Incredibles 2 was 14 years in the making. And many felt like the wait was worth it: The film widely received rave reviews and broke records in its opening weekend, earning $180 million, the most ever for any animated film.
When the first trailer came out in February 2018, many were worried the film would fall into “Dad is incompetent at being a parent” jokes. The plot, as the trailer laid out, shows Elastigirl (voiced by Holly Hunter) going back to work as a superhero, while her husband, Mr. Incredible (Craig Nelson,) stays home with the kids. Mr. Incredible looks exhausted, frustrated with his son’s math homework, and altogether incompetent.
As one stay-at-home Dad explained to Refinery 29, “Part of me is concerned that The Incredibles 2 will fall into the standard stereotype of the bumbling father that struggles with childcare, messes stuff up at home, and has to call his wife at work and say, ‘I can’t do this.'”
But I’m here to tell you good news: That’s not what happens at all.
Instead, Mr. Incredible leans into his newfound stay-at-home dad status. When frustrated by his son Dash’s math homework (“WHY WOULD THEY CHANGE MATH?!” he so relatably exclaims), he stays up late to teach himself the lesson so he can help his son. When his daughter Violet is having boy troubles, he, in dad fashion, tries to make things right and just makes them worse. But he tries!
As Shea Serrano explains in the Ringer, “Really, for any new stay-at-home parent, the only objective is for you to not let any of your children accidentally die. And so in that respect, he was successful.”
I watched #Incredibles2 today, and it was incredible 😁 The movie focused a lot on the challenges of parenting, specifically the challenges faced by a working mum and a stay-at-home dad. Very well written, a great plot, cool action scenes, very funny, & some tender family moments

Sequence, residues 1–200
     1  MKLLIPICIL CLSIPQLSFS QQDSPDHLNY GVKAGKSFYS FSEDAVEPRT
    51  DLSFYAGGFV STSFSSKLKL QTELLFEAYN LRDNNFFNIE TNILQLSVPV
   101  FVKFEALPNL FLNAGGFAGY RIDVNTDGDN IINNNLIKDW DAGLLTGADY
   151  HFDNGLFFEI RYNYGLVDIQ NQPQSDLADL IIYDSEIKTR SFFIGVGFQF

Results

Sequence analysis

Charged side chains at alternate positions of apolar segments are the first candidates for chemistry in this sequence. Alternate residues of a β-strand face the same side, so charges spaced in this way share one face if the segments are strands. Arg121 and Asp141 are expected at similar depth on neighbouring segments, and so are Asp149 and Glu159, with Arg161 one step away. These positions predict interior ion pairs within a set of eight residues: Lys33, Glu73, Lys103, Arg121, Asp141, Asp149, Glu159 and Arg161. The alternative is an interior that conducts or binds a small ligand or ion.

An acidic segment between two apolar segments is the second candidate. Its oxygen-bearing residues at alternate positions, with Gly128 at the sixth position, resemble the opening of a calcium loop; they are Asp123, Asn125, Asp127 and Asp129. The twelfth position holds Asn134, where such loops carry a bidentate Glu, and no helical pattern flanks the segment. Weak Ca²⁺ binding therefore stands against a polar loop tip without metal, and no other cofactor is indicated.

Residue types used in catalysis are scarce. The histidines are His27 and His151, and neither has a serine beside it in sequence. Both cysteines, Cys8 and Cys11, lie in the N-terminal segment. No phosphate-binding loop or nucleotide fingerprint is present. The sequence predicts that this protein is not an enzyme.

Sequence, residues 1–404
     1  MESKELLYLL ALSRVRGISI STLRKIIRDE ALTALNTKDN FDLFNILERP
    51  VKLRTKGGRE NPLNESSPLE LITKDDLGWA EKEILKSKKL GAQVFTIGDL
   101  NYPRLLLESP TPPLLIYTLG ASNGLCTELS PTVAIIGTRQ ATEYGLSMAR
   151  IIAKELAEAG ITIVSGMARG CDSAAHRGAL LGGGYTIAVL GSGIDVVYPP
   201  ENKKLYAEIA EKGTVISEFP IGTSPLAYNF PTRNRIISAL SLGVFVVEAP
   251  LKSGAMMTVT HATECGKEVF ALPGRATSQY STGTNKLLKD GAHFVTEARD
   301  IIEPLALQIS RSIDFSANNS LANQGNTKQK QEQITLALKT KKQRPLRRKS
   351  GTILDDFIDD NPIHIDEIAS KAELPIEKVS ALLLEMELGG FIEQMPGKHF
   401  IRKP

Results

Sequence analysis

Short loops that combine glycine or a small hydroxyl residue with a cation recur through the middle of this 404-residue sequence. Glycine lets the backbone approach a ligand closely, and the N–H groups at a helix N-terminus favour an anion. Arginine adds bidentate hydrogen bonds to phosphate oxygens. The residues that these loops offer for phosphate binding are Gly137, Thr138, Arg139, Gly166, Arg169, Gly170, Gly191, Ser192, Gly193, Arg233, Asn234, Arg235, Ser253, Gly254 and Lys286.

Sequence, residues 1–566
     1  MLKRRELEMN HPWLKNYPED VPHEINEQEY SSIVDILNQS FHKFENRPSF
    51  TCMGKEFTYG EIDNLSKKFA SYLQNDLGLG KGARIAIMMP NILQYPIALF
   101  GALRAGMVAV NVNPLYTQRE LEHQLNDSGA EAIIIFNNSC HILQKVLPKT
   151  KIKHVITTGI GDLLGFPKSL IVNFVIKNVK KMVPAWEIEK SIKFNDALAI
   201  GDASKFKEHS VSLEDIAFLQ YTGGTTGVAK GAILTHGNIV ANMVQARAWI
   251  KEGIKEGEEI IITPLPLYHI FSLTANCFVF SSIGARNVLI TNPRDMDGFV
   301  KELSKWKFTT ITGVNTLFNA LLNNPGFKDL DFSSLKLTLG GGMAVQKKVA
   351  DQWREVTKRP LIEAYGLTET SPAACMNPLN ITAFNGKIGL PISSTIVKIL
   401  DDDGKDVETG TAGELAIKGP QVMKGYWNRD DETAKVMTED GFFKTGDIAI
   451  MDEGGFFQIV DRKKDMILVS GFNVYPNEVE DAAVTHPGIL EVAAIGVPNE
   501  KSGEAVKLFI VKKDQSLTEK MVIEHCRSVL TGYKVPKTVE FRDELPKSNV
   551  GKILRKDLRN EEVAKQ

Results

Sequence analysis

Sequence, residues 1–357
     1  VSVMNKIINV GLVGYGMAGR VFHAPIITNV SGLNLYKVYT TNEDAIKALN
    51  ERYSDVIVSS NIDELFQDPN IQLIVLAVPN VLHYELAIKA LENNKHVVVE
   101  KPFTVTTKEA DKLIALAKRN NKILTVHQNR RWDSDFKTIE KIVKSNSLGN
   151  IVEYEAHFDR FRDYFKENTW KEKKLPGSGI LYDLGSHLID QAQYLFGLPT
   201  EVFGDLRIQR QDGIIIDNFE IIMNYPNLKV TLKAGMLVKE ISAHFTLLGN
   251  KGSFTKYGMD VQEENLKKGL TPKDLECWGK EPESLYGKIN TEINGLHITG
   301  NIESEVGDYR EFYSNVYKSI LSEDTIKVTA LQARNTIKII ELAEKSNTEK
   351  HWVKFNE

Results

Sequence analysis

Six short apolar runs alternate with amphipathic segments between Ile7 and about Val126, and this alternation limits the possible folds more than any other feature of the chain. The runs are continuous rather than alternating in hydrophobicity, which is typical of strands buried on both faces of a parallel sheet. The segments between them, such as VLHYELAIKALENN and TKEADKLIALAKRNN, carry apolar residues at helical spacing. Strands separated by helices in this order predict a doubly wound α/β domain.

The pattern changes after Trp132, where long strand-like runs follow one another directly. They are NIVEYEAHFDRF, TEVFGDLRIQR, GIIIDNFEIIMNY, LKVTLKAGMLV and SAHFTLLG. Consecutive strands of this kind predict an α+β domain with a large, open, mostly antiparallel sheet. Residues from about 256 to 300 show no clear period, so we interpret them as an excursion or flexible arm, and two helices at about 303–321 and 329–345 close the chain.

— Jazli Aziz (@JazliAziz) June 18, 2018
Where Incredibles 2 gets real about that stay-at-home life is when he has to deal with Jack-Jack, the youngest child whose superpowers are just developing — meaning, his young kid suddenly can disappear into the fourth dimension, crawl through walls, and shoot lasers out of his eyes. (To anyone parenting a child who just learned to crawl or walk: You totally relate, right?) By the end of the film — this isn’t a spoiler — Jack-Jack has shown 17 powers.
As Brad Bird, the movie’s director, explains, “Helen [Elastigirl] says in the movie, ‘You know, any baby is a challenge.’ But then to put it on a quantum level with a baby that can go through walls and turn into a little devil or catch on fire. To me, that’s just an abstraction of what babies really are.”
When Mr. Incredible realizes the extent of Jack-Jack’s powers after a particularly comic scene in which the baby tussles with a raccoon (seriously laugh-out-loud for the whole family, and arguably the best moment of the movie), he does what any parent would do: seek out an expert. The expert, in this case, just happens to be the one and only Edna Mode, superhero suit designer.
Because up until this point, dad’s only solution to calm down Jack-Jack’s powers was to give him cookies. (But… who can’t relate to this shameless cookies-for-good-behavior?)
Incredibles 2 is a superhero story, yes, but also dives into the heroics of stay-at-home parents. Mr. Incredible learns to excel at this skill by listening to his kids, being a resource for them as best as possible, and asking for help when he needs it. Whether you’re a mom or a dad, or you work full-time or you are home with the kids, all parents could learn a thing or two from the film.
We’re hoping we don’t have to wait another 14 years for Incredibles 3.